USSR-China border, 1973. Rafael, is in the army on guard duty when the border falls under attack from flying Chinese kung fu warriors. Utterly fascinated by the long-haired Chinese hippie black-clad kung fu aces flying around blasting forbidden Black Sabbath music from their portable radio Rafael gets struck by a revelation; he too wants to become a kung fu warrior. Faith leads Rafael to an Orthodox monastery where the black-clad monks do their training but his road to achieving the almighty power of humility required is long, winding and full of kick-ass adventures.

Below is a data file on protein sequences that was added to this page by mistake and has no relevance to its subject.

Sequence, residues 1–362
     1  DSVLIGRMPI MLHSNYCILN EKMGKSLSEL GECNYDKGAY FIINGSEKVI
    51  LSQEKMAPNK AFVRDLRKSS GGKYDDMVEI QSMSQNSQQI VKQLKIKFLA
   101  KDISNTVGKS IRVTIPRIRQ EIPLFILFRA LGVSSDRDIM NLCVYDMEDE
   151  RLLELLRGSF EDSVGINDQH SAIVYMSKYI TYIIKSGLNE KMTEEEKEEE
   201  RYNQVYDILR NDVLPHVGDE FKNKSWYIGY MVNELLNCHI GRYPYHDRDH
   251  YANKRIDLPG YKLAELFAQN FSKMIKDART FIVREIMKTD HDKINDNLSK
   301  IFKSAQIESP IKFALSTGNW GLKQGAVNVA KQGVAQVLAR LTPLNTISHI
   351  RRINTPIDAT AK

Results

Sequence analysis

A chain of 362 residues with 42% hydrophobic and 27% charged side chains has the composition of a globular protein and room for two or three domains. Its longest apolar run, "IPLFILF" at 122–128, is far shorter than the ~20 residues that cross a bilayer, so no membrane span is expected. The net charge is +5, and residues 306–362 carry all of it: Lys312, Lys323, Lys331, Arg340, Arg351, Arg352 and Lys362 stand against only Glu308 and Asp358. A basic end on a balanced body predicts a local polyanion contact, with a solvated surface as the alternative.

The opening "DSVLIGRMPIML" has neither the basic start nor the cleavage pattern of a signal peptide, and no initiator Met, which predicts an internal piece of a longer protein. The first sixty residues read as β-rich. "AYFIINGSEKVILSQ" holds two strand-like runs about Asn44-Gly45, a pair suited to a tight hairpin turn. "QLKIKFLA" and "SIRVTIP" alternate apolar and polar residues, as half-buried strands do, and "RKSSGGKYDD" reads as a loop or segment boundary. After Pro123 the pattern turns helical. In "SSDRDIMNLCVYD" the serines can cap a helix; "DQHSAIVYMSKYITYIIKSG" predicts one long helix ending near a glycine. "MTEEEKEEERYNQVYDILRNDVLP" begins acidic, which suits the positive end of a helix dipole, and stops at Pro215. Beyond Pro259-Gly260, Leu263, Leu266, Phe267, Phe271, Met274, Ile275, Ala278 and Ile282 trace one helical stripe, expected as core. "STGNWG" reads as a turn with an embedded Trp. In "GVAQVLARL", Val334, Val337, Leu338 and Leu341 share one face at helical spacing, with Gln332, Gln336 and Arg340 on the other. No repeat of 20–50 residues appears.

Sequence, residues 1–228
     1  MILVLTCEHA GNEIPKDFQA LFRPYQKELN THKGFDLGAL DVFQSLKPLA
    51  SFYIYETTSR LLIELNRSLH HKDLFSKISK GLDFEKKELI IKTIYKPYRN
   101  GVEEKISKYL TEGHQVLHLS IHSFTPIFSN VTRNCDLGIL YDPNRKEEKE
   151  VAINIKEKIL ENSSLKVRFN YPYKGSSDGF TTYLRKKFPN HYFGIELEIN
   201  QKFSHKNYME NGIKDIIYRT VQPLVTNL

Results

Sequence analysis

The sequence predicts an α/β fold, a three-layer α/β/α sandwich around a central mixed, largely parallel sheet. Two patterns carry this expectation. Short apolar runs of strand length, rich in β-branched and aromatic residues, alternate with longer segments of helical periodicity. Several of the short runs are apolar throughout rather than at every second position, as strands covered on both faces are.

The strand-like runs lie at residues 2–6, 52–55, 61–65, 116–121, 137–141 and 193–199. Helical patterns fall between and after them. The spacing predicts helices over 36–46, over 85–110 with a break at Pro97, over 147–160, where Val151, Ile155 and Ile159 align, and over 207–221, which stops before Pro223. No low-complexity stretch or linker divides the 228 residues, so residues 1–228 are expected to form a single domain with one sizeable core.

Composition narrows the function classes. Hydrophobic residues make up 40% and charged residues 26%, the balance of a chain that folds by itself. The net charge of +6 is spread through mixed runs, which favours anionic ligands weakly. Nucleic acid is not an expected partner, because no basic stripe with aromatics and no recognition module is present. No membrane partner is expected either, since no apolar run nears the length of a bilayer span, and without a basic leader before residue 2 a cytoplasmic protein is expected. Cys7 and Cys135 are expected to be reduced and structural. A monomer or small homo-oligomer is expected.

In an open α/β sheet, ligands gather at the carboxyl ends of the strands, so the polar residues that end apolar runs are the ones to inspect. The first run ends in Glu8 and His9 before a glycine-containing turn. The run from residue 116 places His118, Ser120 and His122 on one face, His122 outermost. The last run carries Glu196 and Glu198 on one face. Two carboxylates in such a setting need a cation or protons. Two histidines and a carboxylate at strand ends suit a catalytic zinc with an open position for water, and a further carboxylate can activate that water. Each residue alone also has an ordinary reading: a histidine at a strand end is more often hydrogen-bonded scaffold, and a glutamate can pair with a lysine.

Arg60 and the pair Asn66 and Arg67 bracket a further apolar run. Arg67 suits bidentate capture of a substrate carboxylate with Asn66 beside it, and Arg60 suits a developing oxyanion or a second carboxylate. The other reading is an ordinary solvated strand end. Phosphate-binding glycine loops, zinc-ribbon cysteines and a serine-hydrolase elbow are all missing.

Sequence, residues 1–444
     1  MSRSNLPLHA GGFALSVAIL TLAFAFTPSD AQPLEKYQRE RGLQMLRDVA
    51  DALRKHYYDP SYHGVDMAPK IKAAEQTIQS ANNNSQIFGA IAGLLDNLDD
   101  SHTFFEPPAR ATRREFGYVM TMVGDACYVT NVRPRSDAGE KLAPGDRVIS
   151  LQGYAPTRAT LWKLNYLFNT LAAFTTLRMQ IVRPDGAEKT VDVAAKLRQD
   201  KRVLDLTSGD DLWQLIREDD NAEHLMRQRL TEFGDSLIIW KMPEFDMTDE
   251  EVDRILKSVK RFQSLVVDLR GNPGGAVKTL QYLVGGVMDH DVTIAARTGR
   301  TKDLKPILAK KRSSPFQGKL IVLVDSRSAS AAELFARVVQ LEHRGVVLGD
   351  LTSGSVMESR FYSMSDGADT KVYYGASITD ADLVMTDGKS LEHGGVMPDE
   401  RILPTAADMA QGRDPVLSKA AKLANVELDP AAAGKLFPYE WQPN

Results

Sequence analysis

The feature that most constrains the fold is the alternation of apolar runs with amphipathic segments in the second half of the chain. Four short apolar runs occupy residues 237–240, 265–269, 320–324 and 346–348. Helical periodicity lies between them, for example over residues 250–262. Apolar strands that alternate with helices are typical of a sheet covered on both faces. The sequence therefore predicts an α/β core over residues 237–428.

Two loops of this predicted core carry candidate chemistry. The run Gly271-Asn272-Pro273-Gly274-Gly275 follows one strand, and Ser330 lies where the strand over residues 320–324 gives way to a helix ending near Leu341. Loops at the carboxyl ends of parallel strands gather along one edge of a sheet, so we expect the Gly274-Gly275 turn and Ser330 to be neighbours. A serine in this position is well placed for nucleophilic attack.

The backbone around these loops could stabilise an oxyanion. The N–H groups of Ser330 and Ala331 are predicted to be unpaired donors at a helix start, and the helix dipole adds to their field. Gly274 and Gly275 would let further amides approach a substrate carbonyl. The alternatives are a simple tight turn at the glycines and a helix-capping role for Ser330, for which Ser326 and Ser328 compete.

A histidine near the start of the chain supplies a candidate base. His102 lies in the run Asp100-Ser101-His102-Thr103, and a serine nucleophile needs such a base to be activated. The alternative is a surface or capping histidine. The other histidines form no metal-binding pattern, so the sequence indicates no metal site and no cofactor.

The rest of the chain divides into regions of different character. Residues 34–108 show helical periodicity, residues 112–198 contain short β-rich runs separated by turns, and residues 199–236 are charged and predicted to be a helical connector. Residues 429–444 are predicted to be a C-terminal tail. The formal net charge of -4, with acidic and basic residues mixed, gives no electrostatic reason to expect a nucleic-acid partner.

It’s a wacky and frequently nonsensical mish-mosh of elements that don’t quite add up, and yet, the absurdist shock of seeing such incongruous ingredients forced together is typically enough to spark laughter. (Peter Debruge, Variety)
Most martial arts films have a scenery-chewing antagonist, whereas this is a hangout movie with the occasional fight. It is more introspective and careful than you might expect from its genre trappings, to say nothing of its heavy metal soundtrack. (Alan Zilberman, Spectrum Culture)